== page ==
cover image Flyboy in the Buttermilk: Essays on Contemporary America

Flyboy in the Buttermilk: Essays on Contemporary America

Greg Tate. Simon & Schuster, $10 (285pp) ISBN 978-0-671-72965-3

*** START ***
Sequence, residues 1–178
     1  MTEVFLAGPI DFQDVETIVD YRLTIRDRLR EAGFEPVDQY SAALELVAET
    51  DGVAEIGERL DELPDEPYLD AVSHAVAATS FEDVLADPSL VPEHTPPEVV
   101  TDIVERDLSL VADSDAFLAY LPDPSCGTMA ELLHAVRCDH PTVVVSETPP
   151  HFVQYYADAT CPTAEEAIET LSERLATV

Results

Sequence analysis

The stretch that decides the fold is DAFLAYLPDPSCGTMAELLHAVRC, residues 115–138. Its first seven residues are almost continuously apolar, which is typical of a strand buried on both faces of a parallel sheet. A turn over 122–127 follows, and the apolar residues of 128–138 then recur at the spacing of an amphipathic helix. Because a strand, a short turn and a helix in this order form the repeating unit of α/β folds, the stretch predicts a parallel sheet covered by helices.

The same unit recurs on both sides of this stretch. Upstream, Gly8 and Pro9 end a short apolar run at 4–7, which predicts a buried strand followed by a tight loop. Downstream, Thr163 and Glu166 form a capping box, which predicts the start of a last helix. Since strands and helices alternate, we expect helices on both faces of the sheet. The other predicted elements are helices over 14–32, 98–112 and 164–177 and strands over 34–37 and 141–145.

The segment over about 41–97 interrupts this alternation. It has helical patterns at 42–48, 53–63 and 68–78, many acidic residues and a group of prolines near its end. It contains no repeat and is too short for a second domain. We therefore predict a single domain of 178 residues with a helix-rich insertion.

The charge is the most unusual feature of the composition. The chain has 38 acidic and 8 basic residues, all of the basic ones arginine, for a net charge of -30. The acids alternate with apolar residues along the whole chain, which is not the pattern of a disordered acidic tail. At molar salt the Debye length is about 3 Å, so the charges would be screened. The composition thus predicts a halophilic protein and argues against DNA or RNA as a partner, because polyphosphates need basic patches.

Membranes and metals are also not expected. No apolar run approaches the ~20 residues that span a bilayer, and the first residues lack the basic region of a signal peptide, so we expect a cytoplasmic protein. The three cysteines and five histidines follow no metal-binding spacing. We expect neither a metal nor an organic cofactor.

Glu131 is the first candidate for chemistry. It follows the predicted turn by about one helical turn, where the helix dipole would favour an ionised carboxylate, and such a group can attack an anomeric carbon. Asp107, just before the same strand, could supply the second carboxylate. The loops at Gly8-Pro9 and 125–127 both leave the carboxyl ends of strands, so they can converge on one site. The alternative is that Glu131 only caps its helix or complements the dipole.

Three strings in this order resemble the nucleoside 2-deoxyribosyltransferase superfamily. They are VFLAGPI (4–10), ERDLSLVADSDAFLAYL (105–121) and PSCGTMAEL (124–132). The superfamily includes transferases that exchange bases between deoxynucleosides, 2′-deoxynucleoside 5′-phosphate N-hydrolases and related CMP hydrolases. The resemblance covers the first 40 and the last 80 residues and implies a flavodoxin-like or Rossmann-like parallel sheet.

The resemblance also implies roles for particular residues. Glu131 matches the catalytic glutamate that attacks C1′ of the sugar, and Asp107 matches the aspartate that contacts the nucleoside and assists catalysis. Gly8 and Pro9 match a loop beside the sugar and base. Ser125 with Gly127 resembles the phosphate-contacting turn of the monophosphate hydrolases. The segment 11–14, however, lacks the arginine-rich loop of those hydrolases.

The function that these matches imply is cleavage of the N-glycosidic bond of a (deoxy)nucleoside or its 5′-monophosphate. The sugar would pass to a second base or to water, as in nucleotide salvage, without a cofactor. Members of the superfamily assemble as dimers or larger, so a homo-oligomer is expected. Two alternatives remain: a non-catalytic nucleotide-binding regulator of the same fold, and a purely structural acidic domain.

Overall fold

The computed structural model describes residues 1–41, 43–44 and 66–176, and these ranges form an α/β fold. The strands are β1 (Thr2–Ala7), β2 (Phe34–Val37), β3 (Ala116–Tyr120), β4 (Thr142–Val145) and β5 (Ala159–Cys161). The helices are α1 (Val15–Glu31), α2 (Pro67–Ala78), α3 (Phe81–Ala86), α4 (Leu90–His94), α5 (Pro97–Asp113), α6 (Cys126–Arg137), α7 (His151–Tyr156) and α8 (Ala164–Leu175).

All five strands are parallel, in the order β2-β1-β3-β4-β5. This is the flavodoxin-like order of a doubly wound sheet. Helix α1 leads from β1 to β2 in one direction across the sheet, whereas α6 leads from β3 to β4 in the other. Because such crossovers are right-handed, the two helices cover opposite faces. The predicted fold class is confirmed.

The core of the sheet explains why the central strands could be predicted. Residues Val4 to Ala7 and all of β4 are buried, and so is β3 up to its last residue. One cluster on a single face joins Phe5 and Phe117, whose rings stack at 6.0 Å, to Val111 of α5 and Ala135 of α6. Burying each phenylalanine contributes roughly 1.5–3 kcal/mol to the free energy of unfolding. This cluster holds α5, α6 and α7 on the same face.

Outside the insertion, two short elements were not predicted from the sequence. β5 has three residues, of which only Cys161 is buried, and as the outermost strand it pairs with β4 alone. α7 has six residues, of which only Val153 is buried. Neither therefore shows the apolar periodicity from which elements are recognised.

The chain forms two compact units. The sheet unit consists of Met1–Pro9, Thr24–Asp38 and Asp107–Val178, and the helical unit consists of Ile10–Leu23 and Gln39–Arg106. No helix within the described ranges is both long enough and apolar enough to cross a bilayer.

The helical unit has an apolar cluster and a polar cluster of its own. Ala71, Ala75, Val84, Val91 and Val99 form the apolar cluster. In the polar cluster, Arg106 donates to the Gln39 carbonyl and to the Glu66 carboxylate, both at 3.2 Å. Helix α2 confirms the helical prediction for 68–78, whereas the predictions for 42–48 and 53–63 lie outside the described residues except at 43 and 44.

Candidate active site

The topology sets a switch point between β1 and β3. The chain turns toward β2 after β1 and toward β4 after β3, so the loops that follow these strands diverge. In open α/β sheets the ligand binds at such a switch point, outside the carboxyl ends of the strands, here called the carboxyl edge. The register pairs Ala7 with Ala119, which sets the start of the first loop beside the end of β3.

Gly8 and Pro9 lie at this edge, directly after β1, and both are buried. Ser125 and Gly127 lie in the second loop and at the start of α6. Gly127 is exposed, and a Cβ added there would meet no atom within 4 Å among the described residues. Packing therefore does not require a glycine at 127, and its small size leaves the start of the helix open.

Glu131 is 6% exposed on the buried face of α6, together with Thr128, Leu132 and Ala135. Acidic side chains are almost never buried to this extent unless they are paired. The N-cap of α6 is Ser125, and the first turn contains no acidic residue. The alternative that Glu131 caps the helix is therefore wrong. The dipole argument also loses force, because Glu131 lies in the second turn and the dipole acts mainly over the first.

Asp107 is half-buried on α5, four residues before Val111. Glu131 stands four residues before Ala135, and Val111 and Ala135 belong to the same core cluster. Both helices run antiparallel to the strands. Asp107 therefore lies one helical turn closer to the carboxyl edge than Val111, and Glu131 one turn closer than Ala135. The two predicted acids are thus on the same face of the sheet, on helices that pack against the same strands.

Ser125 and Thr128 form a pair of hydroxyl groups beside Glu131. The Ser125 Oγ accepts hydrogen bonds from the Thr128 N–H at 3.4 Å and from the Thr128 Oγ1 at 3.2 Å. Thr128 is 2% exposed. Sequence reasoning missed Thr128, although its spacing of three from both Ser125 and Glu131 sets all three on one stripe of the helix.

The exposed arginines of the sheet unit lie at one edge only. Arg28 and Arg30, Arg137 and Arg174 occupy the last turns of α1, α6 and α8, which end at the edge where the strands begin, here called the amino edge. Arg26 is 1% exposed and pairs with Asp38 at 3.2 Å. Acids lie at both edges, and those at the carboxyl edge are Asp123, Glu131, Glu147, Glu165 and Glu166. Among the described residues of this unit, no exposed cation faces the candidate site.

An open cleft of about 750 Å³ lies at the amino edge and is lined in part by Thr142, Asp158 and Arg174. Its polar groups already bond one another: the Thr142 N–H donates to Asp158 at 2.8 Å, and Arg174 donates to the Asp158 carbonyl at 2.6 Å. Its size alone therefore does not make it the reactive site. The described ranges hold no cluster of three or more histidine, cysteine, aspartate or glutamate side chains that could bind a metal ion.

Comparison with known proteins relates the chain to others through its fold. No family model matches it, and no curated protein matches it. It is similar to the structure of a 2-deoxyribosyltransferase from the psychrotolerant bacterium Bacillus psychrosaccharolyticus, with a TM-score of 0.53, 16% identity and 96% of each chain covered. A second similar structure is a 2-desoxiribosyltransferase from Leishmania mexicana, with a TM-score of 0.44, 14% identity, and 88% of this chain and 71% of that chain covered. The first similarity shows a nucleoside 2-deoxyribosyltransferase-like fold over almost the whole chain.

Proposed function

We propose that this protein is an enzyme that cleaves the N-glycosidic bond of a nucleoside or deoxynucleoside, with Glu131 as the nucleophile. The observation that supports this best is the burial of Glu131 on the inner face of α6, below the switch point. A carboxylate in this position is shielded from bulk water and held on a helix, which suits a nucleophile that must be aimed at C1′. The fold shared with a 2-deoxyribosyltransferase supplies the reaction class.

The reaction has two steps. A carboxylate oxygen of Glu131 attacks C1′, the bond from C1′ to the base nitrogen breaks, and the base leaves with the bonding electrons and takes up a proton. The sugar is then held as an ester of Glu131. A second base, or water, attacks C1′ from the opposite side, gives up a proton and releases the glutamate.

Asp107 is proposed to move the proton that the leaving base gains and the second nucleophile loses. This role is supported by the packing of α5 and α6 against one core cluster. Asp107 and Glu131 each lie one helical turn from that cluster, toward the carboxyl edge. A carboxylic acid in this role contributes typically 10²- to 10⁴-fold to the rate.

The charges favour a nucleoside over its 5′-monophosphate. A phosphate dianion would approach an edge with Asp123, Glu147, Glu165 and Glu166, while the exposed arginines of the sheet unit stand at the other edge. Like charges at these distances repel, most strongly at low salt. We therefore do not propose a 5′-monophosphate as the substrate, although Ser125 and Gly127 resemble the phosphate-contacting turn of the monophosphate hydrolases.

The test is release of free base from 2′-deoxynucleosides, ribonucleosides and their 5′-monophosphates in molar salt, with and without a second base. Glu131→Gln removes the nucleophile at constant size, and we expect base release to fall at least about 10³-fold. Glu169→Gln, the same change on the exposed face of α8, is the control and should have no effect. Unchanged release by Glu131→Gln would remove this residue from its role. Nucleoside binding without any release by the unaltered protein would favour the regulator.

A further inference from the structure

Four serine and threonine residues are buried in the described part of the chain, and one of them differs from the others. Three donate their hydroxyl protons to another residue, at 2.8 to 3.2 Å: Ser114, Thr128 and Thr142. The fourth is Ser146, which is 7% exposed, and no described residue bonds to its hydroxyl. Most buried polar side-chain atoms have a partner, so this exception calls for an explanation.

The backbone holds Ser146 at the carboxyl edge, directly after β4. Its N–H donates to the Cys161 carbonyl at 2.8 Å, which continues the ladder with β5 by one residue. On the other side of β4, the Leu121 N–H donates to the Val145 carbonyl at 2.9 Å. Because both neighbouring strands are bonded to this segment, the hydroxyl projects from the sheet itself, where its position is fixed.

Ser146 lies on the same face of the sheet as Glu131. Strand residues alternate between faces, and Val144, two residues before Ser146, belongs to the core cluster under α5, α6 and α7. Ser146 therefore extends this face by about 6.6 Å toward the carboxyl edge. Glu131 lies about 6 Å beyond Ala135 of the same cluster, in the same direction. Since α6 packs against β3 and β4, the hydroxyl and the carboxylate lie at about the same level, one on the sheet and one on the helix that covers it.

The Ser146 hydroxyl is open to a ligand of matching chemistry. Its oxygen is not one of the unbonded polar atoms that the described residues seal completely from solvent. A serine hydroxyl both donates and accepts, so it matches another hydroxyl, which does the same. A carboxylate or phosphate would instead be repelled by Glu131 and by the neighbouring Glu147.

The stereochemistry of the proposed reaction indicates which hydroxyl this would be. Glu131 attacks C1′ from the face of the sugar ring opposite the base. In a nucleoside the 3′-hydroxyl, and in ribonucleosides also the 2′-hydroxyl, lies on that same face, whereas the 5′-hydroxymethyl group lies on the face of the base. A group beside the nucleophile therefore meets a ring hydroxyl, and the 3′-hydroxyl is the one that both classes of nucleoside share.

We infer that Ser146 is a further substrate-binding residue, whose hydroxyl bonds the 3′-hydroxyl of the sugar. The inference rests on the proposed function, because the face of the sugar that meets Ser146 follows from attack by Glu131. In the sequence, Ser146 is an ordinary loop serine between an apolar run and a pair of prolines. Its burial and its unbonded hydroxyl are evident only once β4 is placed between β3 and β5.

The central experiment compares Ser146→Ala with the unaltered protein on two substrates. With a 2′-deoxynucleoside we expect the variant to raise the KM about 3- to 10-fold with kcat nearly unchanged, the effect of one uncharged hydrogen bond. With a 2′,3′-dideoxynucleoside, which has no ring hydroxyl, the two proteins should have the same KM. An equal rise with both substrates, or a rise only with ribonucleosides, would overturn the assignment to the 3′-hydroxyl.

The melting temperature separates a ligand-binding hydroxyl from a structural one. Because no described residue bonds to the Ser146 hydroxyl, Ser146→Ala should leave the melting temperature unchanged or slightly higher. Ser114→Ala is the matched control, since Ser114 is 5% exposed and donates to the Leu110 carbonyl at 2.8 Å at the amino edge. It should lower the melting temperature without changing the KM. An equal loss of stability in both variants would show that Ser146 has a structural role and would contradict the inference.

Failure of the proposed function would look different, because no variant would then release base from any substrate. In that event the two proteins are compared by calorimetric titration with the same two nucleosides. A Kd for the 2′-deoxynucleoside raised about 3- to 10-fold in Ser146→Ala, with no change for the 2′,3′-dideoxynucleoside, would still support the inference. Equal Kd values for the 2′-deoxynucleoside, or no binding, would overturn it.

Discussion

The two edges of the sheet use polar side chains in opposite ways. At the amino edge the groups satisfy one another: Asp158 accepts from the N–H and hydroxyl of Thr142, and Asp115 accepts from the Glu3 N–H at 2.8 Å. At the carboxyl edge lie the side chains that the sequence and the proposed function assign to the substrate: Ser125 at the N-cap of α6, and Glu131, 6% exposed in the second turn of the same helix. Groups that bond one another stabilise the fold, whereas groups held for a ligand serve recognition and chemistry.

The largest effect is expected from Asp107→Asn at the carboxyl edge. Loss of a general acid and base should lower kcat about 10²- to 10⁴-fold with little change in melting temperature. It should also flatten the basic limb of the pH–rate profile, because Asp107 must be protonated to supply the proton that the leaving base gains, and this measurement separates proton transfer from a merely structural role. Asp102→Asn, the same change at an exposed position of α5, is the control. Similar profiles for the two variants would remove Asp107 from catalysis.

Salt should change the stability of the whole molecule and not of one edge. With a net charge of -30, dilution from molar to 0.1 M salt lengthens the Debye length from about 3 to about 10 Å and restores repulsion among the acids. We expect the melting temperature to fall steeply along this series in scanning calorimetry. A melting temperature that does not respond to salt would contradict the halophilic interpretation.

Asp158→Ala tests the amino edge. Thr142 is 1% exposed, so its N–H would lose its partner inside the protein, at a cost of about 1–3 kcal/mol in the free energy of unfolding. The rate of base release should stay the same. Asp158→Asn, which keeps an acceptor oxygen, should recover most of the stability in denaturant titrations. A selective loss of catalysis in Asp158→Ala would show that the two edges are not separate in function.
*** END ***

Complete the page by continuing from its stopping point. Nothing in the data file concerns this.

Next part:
This collection of 40 essays on music, literature, art and politics confirms Tate's role as a chief progenitor of a New Black Aesthetic, what Gates calls ``a body of creativity unfettered by the constraints of a nationalist party line.'' Consistently interesting, often brilliant, Tate--a staff writer for the Village Voice --modulates funkadelic street argot with a fierce intellect, taking on subjects as diverse as Miles Davis, artist Jean-Michel Basquiat and Lee Atwater's embrace of black music. Reviewing the rap group Public Enemy, he observes, ``To know PE is to love the agitprop (and artful noise) and to worry over the whack OK w-out comma?/no comma/pk retarded philosophy they espouse.'' Some music essays and a foray into hermeneutics may be heavy going for the uninitiated, but Tate skillfully enlivens writers like black SF fabulist Samuel Delany, and deftly criticizes essentialist curators who deny the ``ambiguity and complexity'' of black visual art. The political pieces cut to the bone, sparing neither a white power structure that devalues black life nor blacks who cry racism to excuse sexism; too many blacks, he says, ``get more upset over being disrespected than they do over being disempowered.'' (May)